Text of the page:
Nine Years After the Toppling of Hosny Mubarak

By Dounia Mahlouly|March 15, 2020|Arab uprisings, Digital cultures, Social media, The Middle East|0 comments

By Hossam Fazalla and Dounia Mahlouly

Nine years after the toppling of Hosny Mubarak, the 91-year-old ousted Egyptian president passed away. The news was met with emotional confusion and mixed feelings by Egyptians. It is the death of the man whose face was in every Egyptian classroom, who was considered a war hero, and yet, it is also the death of the dictator who ruled for 30 years, and whose hands were blooded on the 25th of January, 2011. This confusion was reflected in Mubarak’s full honorary military funeral which was attended by the current president Abdel Fattah El-Sisi along with Mubarak’s son (his once expected successor), and other icons of his regime.

Despite the recent and ongoing crackdown on the online sphere in Egypt, Facebook, Twitter, and other social media platforms remained a space for public debate and discussion. Since the death of Mubarak was announced, social media users were almost split into two parties.

One is defined in the proverb له ما له وعليه ما عليه, (as much as he was flawed he also has achieved great things) which was posted by hundreds of social media users including politicians and tv presenters. Wael Ghonim, admin of We All Are Khalid Said Facebook page and one of the people that called for the first demonstrations of 2011 posted to a commemoration of Mubarak calling him “honourable” and noting that he “will rule history”. Ghonim was criticized lately by thousands of his followers after posting several videos on himself consuming illegal substances, dancing, and posting statements that were seen as disrespectful to the revolution that he was once an icon of. Nevertheless, some people who hold similar opinions had a different argument. S.H (an activist) said: “Yes, Mubarak was careless in the second half of his rule and he did let corruption rise and spread, but he never gave away our land, our water, and it is documented that he was against the deal of the century” (interview, 26 Feb 2020) referring to the waiver of Tiran and Sanafir islands in 2017 and the Egyptian Ethiopian conflict over the new dam.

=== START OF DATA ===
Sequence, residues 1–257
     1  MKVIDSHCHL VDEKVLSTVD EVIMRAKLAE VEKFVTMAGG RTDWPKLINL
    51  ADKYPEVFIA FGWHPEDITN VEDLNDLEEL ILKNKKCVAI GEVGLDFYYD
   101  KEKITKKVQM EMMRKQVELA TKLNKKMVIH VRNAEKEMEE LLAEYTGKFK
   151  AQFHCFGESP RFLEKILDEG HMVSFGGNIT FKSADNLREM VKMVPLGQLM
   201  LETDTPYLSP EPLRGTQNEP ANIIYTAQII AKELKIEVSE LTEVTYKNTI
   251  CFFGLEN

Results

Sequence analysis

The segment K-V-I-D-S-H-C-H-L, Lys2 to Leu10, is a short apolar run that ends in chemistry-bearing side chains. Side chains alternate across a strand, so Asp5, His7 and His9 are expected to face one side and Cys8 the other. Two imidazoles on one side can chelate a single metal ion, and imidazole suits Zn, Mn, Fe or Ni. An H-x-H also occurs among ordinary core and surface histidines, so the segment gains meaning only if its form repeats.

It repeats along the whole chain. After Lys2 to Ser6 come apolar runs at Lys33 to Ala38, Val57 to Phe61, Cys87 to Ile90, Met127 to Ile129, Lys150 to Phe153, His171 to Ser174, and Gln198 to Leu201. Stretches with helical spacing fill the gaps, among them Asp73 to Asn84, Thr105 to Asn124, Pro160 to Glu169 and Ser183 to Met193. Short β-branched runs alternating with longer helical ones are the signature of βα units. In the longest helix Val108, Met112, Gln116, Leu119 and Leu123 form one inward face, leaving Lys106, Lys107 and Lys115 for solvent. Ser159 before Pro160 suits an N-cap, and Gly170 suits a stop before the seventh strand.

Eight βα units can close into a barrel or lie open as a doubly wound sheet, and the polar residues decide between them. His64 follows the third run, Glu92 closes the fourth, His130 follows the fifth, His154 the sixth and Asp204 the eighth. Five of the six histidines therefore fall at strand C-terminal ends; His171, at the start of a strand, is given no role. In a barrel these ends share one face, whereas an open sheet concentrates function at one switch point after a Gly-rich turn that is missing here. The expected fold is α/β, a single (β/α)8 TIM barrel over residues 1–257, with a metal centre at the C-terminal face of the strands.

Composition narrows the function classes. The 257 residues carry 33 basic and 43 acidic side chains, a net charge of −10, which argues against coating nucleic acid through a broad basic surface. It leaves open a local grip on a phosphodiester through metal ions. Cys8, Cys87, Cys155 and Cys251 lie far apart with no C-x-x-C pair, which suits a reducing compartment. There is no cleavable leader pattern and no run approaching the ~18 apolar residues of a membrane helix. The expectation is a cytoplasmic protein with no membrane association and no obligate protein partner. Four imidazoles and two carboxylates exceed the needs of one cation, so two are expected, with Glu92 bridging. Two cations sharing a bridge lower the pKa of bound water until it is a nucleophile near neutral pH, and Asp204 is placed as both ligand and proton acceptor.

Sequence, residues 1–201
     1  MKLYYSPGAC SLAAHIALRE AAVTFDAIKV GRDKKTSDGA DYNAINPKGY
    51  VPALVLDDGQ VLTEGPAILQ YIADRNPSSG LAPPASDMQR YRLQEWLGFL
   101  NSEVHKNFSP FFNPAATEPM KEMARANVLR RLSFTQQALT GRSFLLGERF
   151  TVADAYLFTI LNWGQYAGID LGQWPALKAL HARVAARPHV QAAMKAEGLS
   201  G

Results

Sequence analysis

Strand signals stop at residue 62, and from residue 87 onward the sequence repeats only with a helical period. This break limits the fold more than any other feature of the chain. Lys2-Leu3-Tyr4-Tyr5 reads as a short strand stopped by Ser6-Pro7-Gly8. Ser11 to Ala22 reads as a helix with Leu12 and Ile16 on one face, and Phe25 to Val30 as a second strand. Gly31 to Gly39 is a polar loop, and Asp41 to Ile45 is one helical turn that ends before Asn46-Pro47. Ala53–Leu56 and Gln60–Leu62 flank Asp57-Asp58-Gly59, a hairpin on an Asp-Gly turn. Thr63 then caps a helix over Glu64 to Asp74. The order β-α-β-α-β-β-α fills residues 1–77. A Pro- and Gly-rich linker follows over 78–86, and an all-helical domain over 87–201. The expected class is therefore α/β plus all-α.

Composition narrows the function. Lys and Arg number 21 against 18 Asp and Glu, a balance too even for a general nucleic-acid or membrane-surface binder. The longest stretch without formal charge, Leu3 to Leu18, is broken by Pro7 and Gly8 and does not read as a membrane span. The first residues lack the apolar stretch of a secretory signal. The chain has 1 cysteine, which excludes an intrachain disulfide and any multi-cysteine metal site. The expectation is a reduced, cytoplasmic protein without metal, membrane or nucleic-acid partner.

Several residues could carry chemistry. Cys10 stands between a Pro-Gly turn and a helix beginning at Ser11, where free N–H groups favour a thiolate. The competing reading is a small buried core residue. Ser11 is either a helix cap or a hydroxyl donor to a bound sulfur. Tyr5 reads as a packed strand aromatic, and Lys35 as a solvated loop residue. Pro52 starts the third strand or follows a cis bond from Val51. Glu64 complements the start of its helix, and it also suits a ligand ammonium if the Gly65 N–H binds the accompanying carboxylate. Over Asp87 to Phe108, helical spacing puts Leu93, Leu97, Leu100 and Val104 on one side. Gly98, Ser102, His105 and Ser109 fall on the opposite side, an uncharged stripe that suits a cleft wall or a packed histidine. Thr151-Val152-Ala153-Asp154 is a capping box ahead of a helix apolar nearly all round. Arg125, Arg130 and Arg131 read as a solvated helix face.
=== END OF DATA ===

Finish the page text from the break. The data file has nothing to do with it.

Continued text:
The other party believes that there is nothing sad about the normal death of an autocratic leader who outlived the average Egyptian, other than the lack of justice. Mubarak was freed of all his charges after the revolution, which included murder and embezzlement. This narrative took the shape of memes, funny archival videos that comment on our emotional confusion towards Mubarak, and serious factual reminders. Some reposted older news which stated that Mubarak’s wealth estimates reached 70 billion US dollars.

On the international scene, official reactions to the announcement of his death did not generate much debate about his legitimacy. Commentators hardly discussed the details of the conspiracy to murder and corruption charges for which he was acquitted in 2014. Israeli Prime Minister Benjamin Netanyahu and Palestinian leader Mahmoud Abbas both expressed their regrets, each respectively referring to him as ‘a personal friend’ and supporter of the Palestinian cause.
Mubarak is now one of many Arab rulers to pass away after former Algerian de facto president General Gaïd Salah, former Tunisian president Beji Caid Essebsi and long-time Tunisian ruler Zine El Abidine Ben Ali. This marks the end of an entire generation of political leaders and reminds us that youths are still underrepresented in most North African governments. The recent civil mobilisations in Sudan, Algeria, Iraq and Lebanon, which have been formally described as the ‘second wave of the Arab Spring’, are calling for change. This may be the beginning of a new era as civil opposition movements prove to be increasingly more creative and resourceful in their attempt to consolidate peaceful and sustainable political action. Perhaps the real legacy lies in the spirit of civil resistance that was born out the 2011 Egyptian uprisings, as this has arguably paved the way for the expression of an alternative political culture.


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